Job Hopping Stigma – Adjust your view – or search until it is too late!

I think it’s time for the business world to get new spectacles so they can adjust or correct their view on the fast paced and ever changing world of job seekers. Don’t worry! I’m not talking about teaching an old dog new tricks.

I am talking about the ‘job hopper’ stigma.



You see, you might think that you encounter a ‘job hopper’ if a Gen X candidate presents a resume with 10 Career Changes averaging 2.5 to 3 years in each job, or a Gen Y candidate presents a CV with 10 jobs since 1995.   There is a big difference between a strategic job changer and a hopper who moves every 6 or 8 months from job to job. Check the video at the end of the blog post if you want more insight on what I am trying to suggest in my blog.


I think that it’s time for many of the hiring and recruiting professionals to change their goggles. Seriously! Ask yourself, are you wearing old fashioned, out-dated goggles? Could it be that you need some vision and perception correction on your view of what has happened to the job world since 1990? Could it be that your view is holding you back from hiring valuable, experienced, ready-to-go candidates?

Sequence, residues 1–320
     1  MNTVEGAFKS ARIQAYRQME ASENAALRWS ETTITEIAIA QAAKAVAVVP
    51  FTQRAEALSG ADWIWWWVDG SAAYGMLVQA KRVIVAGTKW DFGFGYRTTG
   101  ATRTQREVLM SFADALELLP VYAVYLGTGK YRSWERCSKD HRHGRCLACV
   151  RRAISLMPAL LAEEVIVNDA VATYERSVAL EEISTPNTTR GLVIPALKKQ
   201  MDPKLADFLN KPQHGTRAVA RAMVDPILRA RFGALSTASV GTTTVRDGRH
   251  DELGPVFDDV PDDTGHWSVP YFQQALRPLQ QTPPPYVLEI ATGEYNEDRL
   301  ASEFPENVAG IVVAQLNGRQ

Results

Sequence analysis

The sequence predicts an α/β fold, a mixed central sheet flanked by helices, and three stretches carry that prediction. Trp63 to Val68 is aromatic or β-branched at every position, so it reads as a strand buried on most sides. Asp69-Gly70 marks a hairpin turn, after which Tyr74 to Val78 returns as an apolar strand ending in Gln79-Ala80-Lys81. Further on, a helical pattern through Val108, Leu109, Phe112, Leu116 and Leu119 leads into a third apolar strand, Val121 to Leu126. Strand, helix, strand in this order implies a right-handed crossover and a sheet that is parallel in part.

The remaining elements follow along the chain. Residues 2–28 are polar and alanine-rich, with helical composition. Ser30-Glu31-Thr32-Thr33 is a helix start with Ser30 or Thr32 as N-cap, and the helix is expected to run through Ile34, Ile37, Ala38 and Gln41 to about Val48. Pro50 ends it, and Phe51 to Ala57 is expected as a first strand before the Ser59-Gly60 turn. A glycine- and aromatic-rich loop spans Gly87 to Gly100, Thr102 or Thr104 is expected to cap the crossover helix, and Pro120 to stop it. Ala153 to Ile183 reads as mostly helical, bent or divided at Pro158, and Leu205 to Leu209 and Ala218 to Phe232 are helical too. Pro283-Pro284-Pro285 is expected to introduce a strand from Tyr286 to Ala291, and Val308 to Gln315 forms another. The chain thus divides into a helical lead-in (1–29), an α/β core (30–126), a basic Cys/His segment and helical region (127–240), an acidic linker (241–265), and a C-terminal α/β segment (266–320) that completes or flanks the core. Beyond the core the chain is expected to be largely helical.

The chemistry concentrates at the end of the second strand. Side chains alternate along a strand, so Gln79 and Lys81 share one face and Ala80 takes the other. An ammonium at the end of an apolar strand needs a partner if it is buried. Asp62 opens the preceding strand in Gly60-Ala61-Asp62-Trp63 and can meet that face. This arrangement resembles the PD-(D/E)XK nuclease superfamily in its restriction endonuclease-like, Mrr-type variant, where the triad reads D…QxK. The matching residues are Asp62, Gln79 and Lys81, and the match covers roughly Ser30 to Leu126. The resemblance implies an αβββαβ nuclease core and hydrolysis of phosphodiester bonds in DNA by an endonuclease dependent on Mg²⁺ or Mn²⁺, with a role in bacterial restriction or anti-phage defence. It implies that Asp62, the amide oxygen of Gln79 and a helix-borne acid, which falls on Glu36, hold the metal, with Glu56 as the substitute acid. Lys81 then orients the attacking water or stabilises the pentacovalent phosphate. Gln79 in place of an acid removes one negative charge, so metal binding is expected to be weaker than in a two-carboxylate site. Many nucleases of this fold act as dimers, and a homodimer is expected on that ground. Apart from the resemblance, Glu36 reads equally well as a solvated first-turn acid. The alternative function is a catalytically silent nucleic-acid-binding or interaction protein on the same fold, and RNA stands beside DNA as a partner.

One of the habits of the business world that I’d love to see end, even if it were to take people with it, is the stigma against ‘job hopping’. This stigma denies employees of the one bit of leverage they have, which is to leave a job and get a better one.


The old arguments


The argument made in favour of the stigma is that (a) businesses put a lot of effort into training people, and (b) very few employees earn back their salary for the business in the first year.  Well I guess we all know from the daily news, blog posts, twitter feeds, etc, that what we all experience in ‘real life’, I mean the stuff that happens once you get on the job, is that both of these favourable arguments are nonsense.


Regarding the first point, about the huge amount of effort put into training new hires, it’s not true. It may have been the case in 1987, but not anymore. The idea that companies still invest significant resources into new hires as a general policy is out dated.  You see, the reality is, they don’t.  Sink or swim is ‘the new normal’. Get with it or get out. That’s where the mindset of the employee is right from the start.